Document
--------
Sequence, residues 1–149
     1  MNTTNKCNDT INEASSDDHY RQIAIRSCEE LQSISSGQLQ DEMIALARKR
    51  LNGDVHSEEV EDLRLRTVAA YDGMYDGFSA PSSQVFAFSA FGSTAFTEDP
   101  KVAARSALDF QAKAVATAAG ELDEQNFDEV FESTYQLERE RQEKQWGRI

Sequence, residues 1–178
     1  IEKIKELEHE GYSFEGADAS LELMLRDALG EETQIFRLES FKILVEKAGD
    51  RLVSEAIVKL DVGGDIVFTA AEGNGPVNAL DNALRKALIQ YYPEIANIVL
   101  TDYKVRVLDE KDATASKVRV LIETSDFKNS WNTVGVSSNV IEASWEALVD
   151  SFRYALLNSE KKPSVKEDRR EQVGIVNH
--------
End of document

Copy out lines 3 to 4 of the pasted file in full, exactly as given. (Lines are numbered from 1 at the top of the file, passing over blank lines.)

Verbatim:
    51  LNGDVHSEEV EDLRLRTVAA YDGMYDGFSA PSSQVFAFSA FGSTAFTEDP
   101  KVAARSALDF QAKAVATAAG ELDEQNFDEV FESTYQLERE RQEKQWGRI